Having an adult son with autism has hard and complicating challenges. My first time hearing Luke’s diagnosis in 1994 made me numb. It did not seem real.
Happy Birthday to the best guy ever. Autism does not define you my son. What I see in you is amazing love that others can not even come close to realizing in their own lives. You have no understanding of lusting for money or materialism. You may live in a world made of your own design, but it is better in many ways to the cruel world the rest of us live in.
I hope and pray for you and want what is always best for you. You have family all over the country and they have missed out on getting to know you. I am grateful to the family you have in your friends.
You are 24 years old. You have a dad and mom who will love you for as long as we are here on earth with you . I know you love God and He will always have you until you meet Him in person .
It’s inevitable . Don’t count yourself out. No one wins in this battle.
She called me and voiced her concern. I said, “what’s the matter?”
“He asked me again how old I am.” Repeat. Rewind. Move forward. It was the advice I gave.
Memory issues are ever present in my own devised, messy life. As a brain tumor survivor, I decided to do life as my will determines it to be. That can be complicated as well as simple. Never boring.
Then there is my autistic son . He has real issues remembering everyday life sequences. I try to make life fun for him. It really helps.
The problem I see with care takers is the isolation brought on by the inability to be out in society as much. My idea is we all need to help each other. Forgiving those that are losing their memory also is probably not what a care provider or family member wants to hear, but it’s the only way one can be.
For example, Caring for my son was days without sleep turning into countless years with sleep deprivation. My son turns 24 next week, 22 years I was the main provider. I had several helpers throughout the years and his dad was awesome, but most weighed heavy on my shoulders.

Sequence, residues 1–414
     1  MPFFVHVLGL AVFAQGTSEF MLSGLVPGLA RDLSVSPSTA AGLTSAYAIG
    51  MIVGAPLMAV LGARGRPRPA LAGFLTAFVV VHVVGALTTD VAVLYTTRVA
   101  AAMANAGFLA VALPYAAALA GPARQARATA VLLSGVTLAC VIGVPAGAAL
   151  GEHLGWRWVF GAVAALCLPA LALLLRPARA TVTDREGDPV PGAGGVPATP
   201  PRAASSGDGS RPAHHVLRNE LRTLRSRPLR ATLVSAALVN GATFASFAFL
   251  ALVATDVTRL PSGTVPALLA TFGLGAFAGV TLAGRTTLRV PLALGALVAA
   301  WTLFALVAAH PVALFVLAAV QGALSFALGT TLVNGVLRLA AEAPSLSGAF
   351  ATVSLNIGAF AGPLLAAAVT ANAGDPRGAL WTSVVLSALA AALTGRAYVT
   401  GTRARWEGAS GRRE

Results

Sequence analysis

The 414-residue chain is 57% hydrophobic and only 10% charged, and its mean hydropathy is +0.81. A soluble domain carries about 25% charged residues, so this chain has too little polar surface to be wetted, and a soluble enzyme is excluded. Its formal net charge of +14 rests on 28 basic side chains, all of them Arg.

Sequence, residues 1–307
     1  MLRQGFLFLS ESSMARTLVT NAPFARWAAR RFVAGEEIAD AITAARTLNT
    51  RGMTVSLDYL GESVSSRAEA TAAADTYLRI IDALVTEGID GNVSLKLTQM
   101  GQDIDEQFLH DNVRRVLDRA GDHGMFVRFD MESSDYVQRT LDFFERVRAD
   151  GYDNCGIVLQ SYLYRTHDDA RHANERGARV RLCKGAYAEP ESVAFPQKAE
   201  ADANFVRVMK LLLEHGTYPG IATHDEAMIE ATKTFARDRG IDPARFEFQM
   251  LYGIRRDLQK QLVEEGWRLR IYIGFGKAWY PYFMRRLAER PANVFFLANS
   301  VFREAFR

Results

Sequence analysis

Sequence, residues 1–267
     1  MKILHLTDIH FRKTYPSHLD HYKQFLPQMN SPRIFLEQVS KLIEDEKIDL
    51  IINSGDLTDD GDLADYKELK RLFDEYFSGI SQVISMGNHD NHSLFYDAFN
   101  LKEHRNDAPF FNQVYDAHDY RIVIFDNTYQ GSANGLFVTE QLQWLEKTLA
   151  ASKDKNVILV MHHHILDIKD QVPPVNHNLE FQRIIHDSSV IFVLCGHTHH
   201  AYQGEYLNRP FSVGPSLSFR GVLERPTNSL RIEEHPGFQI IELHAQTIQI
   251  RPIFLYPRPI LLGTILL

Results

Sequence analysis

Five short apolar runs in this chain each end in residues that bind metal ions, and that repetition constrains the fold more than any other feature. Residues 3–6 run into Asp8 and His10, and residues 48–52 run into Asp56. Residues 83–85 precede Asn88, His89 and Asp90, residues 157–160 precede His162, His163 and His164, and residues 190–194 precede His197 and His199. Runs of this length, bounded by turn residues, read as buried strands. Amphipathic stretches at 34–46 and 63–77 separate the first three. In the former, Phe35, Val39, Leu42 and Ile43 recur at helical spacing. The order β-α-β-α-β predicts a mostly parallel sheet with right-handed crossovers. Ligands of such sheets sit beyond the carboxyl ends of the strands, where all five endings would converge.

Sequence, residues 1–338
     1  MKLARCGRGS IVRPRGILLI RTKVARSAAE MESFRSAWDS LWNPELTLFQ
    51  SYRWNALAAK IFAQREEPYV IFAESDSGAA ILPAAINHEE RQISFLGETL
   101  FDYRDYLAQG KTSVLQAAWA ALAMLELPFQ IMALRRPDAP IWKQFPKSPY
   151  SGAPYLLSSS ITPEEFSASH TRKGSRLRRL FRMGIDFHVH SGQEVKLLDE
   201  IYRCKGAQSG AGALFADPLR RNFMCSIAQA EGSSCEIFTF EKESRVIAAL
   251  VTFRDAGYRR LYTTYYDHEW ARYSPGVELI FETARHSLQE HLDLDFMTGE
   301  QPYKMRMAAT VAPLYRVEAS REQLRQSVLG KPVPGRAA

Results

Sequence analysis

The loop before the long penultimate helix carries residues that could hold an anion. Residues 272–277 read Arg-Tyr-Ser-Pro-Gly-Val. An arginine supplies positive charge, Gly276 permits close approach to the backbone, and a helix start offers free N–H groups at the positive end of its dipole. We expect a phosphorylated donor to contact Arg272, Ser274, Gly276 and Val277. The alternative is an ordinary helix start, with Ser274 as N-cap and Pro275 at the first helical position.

Routine also needs to be kept constant. I did not realize it until my son was born. I am mostly a spontaneous person and do not care for everything being the same day in and day out. Spontaneity was needed because my RN job caused me to have to document everything very closely by the clock. I sure did not want to do that with my personal life!
Written in memory of those who lost their battle with dementia.
Brain injury awareness month was the last thing on my mind ( no pun intended) as I scoped through my home last week looking for an important document. I was getting mad at myself.
Many of my rooms are partially empty. There are a few reasons for this. Without blaming my autistic son too much, I am convinced he has wanted me to redo rooms for quite sometime. ( He breaks things. I guess we all need hobbies. This one is very expensive ).
I have had a brain tumor and some form of TBI ( traumatic brain injury) and like my surroundings well controlled. My inability to find that document drove me crazy. I finally called someone who assisted me! Thank God.
Without boring my readers, I was working through authorizations , etc with my health needs. This alone can drive anyone nuts.
Surgery again tomorrow and another overnight stay is enough to think about, but my mind has trouble staying focused at times. I do not care if I am labeled with a monkey on my back. Maybe the monkey gets the attention for a cause that may be way worse in others than my case.
Greatest Mom Ever (ask my sons)
Kidney Cancer Survivor
Brain Tumor Survivor
If you read this, it will change your life…
Luke has a rather severe case of autism. It is coupled with Bipolar. He can rage at a moments notice. If you are in his way, the chances of you getting physically hurt are high.
I had just returned home from a trip to Hawaii ( yes I have a life) when I had my son over for a few nights. While finishing supper with Luke, he was his usual hyper self. What happened next was 5 hours of pure nightmare.